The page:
MVP of the month: Caroline Garcia
Coming out of qualifying and winning a WTA 1000? Nobody imagined it, but in Cincinnati, Caroline Garcia did it. The 28-year-old from Lyon first beat Diane Parry, then Andrea Petkovic, each time in three sets, to enter the main draw. She then went on to defeat Petra Martic, Maria Sakkari, Elise Mertens and Jessica Pegula in turn to advance to the last four. In the semi-finals, the Frenchwoman faced Aryna Sabalenka, but despite two rain interruptions, she kept her calm to win in three sets and claim the scalp of her third world top 10 in Ohio. "To be back in a WTA 1000 final after so many years is great," she said. "It was a long wait. You never really know what you have to do so it's hard. I'm very happy with the last preparation for the return to the court at 3-1 in the third set. I was ready for every point, that made the difference." The Frenchwoman concluded an idyllic week by lifting the trophy the next day at the expense of Petra Kvitova (6-2, 6-4). Her third title of the year and the third WTA 1000 of her career after those won in Wuhan and Beijing in 2017. More? Between 19 June and 21 August, the former world number 4 won 26 matches on the WTA Tour. No one does it better, Simona Halep having stopped at "only" 19. And now Caroline Garcia is back in the top 20 for the first time since 2019. Boss.
Achievement of the month: Ben Shelton
Ben Shelton goes fast. Very fast. The 19-year-old American made a name for himself by crushing world number 5 Casper Ruud (6-3, 6-3) in the second round in Cincinnati, without conceding a single break point. This feat was made all the more impressive by the fact that it came the day after a nearly three-hour battle with Lorenzo Sonego (7-6 , 3-6, 7-5). In May, the university champion was ranked 548th in the ATP rankings. He has just entered the top 200 and will have the opportunity to continue his rise at the US Open, which has logically invited him to the party. Quite a progression for the nearly two-metre tall (1.93m) left-hander, who was practically born with a racket in his hand since his father is none other than Bryan Shelton, former 55th player in the world and eighth place finalist at Wimbledon in 1994. Dad can be proud. And he is, even if he points out a shortcoming in his sense of movement: "At the moment, he's a bit of a bull in a china shop!"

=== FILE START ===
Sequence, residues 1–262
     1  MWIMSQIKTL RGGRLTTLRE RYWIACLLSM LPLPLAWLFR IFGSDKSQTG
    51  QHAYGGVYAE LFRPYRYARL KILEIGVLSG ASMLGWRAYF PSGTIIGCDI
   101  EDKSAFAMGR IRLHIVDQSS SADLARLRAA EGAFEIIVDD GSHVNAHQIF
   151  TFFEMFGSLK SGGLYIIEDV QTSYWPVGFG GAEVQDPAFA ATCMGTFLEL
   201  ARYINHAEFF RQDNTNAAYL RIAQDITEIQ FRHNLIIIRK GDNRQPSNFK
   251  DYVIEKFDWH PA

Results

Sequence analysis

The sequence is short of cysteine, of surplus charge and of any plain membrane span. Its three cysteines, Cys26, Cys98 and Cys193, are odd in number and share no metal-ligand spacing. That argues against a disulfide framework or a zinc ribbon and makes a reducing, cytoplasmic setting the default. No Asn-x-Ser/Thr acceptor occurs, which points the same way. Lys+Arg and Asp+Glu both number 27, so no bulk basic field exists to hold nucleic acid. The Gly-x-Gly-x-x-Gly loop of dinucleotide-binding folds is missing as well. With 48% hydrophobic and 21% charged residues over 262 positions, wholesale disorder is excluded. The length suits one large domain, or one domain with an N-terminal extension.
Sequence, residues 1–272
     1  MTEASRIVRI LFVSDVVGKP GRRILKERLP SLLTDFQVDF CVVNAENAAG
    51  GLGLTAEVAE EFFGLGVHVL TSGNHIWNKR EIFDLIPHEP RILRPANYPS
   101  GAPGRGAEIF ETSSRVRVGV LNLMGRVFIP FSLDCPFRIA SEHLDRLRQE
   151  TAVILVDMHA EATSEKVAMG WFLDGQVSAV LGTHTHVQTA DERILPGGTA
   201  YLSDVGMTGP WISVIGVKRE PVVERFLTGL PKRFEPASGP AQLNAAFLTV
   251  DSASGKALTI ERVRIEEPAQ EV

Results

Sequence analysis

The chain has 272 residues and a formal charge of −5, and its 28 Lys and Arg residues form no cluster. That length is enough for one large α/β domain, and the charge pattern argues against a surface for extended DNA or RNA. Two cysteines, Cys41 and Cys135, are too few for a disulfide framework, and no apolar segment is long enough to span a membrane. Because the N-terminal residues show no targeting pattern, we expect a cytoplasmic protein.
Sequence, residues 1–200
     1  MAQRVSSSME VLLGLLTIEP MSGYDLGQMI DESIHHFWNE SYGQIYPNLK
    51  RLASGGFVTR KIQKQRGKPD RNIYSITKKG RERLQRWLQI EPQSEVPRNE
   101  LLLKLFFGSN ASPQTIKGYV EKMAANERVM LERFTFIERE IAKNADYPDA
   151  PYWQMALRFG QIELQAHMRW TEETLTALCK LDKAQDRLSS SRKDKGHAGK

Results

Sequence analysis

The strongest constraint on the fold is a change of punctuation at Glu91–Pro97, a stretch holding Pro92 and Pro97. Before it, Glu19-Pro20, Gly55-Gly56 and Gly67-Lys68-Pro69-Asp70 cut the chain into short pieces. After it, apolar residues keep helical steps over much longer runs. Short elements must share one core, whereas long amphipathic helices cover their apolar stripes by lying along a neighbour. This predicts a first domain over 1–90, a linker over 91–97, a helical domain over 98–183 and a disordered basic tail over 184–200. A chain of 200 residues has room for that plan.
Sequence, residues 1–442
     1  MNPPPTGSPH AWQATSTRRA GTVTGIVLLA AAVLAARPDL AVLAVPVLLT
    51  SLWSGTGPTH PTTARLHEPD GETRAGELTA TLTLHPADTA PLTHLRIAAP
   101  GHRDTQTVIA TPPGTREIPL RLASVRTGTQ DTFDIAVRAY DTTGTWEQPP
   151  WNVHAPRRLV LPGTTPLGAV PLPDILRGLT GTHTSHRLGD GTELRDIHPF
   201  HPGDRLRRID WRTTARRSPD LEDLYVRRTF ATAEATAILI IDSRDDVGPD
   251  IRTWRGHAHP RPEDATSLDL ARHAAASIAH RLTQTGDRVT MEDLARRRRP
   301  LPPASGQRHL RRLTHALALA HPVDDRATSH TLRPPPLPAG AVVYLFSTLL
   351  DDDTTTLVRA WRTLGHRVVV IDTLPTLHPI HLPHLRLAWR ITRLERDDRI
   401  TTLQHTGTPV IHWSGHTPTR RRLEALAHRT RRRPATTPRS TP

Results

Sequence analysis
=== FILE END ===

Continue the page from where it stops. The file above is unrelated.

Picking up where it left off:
Announcement of the month: Serena Williams
It was both expected and regretted: on 9 August, Serena Williams announced the imminent end of her tennis career. "There comes a time in life when we have to decide to go in a different direction," she posted on Instagram. "This moment is always difficult when you love something deeply. I love tennis so much. But now the countdown is on." The earthquake, then the wave. A flood of tributes and praise, from Rafael Nadal to Iga Swiatek, via Billie Jean King or John McEnroe, which has placed her at the table of icons Michael Jordan, LeBron James and Tom Brady. The American with 23 Grand Slam titles returned to the circuit at the end of June after almost a year's absence. The results were far from those of a player of her status: a single victory, over Nuria Parrizas Diaz, and three defeats, against Harmony Tan, Belinda Bencic and Emma Raducanu. The US Open, which she has won six times, could be her last chance to take the stage. It is also getting dangerously close to the end for her sister Venus, who didn't last long in Washington, Toronto and Cincinnati, walking out the door on her debut. Get the tissues ready.
Controversy of the month: Emma Raducanu